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Judge goes off course

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  • Judge goes off course

    In my many years of showing, this hasn't happened until this season - and it's happened twice! I'm curious if this has happened to others and how they've handled it. I rode the leg yield L to M, to have the judge ring the bell and tell me it's I to M (first, 2). I knew it was L to M, but can you argue the judge and stick you your guns? Or do you ride it as they think it's supposed to be and take the score that comes your way?

  • #2
    What did the score sheet have listed as the movement listed? If it happened the second time, I would be inclined to ask to confirm with the score sheet directives after the bell is rang.

    Comment


    • #3
      The test is right in front of them - or at least on the score sheet in front of the scribe. So should be easy to check in the moment. I would politely ask if they are sure - if they insisted it was I to M, I would not argue during the test but I would speak to the steward, and possibly fill out one of the evaluation forms for licensed officials (Can be found by searching "Members Confidential Evaluation of Judges, Stewards, Technical Delegates and Course Designers" on the USEF site.)
      **********
      We move pretty fast for some rabid garden snails.
      -PaulaEdwina

      Comment


      • #4
        IIRC, nothing happens at "I" in First 1 or First 2. And there is more than a little difference between L and I (24 meters!)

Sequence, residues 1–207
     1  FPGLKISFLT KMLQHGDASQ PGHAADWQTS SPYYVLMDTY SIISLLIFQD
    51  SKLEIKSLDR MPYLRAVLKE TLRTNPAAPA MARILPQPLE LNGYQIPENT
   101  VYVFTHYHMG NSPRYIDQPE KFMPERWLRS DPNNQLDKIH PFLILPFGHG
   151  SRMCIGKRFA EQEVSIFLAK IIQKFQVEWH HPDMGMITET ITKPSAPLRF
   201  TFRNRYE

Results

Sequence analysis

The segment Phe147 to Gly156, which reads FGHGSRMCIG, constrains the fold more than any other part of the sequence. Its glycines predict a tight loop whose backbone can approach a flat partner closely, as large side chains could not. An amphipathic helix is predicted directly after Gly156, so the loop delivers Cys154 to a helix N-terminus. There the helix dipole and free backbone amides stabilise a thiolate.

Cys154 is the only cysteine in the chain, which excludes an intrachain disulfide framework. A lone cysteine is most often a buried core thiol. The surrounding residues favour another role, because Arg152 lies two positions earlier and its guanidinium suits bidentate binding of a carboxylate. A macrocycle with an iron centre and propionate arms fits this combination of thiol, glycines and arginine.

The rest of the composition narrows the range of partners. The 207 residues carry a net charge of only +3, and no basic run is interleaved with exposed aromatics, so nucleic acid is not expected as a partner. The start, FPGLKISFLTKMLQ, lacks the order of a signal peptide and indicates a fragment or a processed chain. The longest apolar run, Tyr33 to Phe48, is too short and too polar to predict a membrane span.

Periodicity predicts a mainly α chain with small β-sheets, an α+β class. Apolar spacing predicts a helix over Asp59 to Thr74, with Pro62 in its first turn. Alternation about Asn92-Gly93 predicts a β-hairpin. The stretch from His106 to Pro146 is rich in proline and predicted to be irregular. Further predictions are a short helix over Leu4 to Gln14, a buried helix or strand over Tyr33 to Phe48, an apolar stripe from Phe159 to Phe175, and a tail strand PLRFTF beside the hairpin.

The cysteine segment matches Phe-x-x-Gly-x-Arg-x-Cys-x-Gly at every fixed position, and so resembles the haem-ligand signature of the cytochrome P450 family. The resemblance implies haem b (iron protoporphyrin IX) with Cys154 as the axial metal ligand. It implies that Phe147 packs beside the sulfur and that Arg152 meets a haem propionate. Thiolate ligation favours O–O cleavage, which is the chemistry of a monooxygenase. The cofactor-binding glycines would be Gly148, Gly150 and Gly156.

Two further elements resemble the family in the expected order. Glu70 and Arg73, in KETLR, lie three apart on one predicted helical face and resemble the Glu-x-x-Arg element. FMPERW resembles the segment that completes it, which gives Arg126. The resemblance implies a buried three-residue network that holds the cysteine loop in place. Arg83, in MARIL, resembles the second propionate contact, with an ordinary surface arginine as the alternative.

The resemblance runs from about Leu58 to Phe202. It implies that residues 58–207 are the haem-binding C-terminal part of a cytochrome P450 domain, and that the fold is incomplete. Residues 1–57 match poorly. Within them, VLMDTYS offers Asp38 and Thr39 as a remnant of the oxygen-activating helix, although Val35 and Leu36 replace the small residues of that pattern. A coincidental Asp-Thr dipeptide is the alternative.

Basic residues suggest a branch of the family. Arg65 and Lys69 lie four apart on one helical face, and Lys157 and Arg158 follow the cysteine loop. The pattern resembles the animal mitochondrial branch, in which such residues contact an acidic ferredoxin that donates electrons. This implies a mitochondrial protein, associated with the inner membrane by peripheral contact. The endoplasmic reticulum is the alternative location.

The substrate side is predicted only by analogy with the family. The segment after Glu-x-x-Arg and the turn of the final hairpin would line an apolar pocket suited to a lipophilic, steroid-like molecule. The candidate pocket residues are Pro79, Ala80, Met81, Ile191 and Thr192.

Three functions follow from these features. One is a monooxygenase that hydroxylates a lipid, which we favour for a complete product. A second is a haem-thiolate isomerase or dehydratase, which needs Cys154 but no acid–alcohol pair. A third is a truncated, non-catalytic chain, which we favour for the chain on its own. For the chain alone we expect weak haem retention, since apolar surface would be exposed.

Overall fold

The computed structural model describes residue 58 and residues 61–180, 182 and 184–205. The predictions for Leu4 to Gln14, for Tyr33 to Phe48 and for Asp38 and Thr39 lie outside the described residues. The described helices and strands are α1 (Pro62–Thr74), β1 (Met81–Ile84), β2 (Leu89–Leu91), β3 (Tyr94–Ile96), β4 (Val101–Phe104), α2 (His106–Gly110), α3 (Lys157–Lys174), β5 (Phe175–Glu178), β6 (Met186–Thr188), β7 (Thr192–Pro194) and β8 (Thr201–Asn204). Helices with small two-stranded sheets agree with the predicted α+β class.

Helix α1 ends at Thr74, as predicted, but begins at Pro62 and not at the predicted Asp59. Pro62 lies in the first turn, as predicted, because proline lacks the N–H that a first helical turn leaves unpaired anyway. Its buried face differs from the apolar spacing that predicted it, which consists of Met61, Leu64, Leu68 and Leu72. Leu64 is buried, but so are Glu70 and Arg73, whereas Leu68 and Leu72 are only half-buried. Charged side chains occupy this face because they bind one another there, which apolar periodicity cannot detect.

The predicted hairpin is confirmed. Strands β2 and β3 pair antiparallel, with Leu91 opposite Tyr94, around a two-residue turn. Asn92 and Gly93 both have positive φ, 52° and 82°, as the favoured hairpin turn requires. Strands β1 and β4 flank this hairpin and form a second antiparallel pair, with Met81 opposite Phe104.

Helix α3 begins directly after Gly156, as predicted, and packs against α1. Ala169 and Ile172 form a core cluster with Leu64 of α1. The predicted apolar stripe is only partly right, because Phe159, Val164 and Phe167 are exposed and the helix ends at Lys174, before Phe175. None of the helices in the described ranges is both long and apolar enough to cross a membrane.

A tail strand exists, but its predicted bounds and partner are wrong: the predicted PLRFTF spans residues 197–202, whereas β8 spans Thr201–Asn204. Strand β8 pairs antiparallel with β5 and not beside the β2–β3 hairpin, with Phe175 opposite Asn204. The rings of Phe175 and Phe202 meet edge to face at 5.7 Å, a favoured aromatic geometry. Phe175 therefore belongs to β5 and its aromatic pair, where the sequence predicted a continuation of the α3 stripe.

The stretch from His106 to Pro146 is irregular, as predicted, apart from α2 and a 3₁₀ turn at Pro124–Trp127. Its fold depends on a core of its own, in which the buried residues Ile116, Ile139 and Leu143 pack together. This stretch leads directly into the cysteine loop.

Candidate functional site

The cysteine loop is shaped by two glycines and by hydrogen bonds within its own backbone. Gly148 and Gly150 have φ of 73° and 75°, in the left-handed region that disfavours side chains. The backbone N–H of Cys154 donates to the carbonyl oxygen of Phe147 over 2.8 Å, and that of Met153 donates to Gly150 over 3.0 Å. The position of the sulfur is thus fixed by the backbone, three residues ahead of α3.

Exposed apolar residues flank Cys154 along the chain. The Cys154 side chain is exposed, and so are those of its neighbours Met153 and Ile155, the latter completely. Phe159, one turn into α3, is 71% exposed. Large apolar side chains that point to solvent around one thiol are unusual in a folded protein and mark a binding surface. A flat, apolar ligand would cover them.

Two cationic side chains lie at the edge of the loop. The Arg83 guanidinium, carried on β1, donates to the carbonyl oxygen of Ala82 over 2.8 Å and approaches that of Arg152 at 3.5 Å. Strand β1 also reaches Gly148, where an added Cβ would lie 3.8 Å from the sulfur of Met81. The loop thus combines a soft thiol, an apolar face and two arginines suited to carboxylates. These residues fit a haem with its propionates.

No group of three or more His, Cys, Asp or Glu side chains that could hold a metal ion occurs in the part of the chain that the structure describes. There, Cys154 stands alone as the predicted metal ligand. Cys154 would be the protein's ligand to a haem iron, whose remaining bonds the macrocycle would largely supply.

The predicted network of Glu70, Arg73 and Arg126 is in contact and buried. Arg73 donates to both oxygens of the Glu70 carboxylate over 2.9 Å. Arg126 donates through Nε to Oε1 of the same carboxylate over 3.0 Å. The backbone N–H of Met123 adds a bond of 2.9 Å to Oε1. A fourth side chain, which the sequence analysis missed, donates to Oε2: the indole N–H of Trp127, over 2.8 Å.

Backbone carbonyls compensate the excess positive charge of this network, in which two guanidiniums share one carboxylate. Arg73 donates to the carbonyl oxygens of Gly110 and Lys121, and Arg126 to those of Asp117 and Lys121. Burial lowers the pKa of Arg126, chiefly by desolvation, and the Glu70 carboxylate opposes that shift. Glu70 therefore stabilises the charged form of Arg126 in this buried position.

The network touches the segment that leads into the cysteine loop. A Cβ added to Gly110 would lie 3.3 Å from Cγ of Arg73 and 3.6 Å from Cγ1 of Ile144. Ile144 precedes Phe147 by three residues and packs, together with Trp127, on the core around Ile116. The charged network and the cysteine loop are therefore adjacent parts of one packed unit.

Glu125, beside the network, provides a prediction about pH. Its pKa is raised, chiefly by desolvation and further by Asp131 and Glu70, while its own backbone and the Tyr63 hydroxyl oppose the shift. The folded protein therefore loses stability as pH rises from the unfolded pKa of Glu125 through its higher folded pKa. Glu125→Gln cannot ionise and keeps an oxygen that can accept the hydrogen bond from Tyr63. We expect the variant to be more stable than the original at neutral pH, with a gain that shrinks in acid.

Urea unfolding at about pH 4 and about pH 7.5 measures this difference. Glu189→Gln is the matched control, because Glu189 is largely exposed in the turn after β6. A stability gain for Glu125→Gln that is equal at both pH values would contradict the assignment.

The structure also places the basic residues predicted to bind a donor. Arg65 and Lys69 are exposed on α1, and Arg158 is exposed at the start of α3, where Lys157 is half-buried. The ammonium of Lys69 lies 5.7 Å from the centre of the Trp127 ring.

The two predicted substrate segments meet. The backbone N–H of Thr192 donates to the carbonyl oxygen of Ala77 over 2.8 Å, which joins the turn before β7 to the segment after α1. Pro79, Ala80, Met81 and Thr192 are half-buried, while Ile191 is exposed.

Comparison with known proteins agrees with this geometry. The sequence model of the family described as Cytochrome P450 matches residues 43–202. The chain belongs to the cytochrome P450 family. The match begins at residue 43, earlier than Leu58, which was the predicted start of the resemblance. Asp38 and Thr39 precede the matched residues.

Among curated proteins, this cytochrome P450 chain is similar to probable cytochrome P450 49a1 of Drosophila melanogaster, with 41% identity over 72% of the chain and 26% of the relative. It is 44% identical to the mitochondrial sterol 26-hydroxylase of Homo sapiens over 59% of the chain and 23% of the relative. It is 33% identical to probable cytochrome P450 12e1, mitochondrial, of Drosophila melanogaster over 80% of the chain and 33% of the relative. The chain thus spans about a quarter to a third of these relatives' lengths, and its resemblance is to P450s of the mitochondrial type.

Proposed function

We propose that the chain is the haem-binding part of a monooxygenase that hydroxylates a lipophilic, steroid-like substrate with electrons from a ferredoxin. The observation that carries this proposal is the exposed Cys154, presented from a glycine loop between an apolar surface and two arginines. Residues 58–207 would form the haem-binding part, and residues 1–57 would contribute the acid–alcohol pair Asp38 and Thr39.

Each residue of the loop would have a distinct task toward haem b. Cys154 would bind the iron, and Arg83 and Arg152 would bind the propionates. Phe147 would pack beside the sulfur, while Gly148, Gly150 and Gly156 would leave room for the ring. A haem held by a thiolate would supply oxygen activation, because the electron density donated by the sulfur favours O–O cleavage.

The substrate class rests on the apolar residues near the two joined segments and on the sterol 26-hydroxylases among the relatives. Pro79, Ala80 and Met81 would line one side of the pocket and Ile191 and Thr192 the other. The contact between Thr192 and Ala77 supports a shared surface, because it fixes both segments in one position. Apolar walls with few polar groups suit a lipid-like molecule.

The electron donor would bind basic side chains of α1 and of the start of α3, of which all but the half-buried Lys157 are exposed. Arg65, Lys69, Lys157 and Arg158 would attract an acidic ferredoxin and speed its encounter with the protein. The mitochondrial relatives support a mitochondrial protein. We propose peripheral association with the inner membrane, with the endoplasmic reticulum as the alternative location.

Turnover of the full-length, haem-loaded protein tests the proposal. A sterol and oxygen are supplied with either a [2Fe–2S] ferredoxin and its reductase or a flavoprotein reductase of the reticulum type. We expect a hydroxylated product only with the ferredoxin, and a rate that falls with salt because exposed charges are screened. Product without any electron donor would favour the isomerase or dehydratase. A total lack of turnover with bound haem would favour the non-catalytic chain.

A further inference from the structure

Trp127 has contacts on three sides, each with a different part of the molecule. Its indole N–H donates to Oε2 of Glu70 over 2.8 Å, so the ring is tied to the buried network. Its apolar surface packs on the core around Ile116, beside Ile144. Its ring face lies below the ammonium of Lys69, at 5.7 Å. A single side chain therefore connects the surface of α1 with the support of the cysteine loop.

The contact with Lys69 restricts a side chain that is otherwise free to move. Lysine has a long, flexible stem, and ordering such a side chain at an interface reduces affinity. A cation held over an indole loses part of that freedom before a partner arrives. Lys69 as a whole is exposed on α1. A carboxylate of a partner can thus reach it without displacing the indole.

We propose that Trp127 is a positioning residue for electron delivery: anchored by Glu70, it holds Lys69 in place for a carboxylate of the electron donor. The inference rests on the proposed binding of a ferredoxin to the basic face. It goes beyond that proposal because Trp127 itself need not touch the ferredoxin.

That movement is a coefficient, too:

        FIRST LEVEL TEST 2
        4. L-M Leg yield right. Regularity and quality of trot; consistent tempo; alignment; balance and flow. Coefficient 2.

        It would be interesting to know if other competitors in the class were being dinged for the same thing. And yes, I would talk to the Technical Delegate about it.

        Perhaps the judge and scribe need glasses.

        Comment


        • #5
          Is it possible that you mean she wanted you to start from D, and not I? I to M would mean proceeding at trot very far down centerline and then performing an extremely short and steep leg yield, from I to M is only about 14 meters.

          D to M would be a longer and more shallow LY than the test asks for. But before the last rewrite of the tests, LY did start from D so that may have confused her. It did cause some confusion just recently at the L program I attended, during the demo rides.

          Not that there's any excuse, the judge should know the test. I'm just not able to picture wanting it from I to M and asking a rider to perform something that steep and short.

          Comment


          • #6
            Originally posted by DownYonder View Post
            ..

            Perhaps the judge and scribe need glasses.
            It's not the scribe's job to correct the judge.

            I scribed this test a couple of weeks ago and the judge commented on how it's such a long line that there's little crossing of the legs. So while that judge knew the test, they missed things like a rider not saluting at either end of the test.

            Comment

            • Original Poster

              #7
              Thanks, all! Silverbridge - I could literally see my horse being like - "you want me to WHAT?" We pulled it off - it wasn't a nice leg yield, but we got from I to M

              This was just a schooling show, but the first time it happened, it was at a rated show. That time, the judge waved me down to the judge's stand and apologized that I was correct and that she scored me on the first time I did the movement.

              This time, the judge rang the bell midway through the second leg yield (L to H - and you bet I started at L) and said that I was right the first time. So, I didn't get error scores on either, but still very distracting. When they were explaining it to me, as they thought it should be done, they clearly said that it starts between R and S and goes to M, so I think they were mixing up where L and I are in the arena. This was a schooling show, with one arena, and it was later in the day, and I'm not sure if I was the first first-2 rider.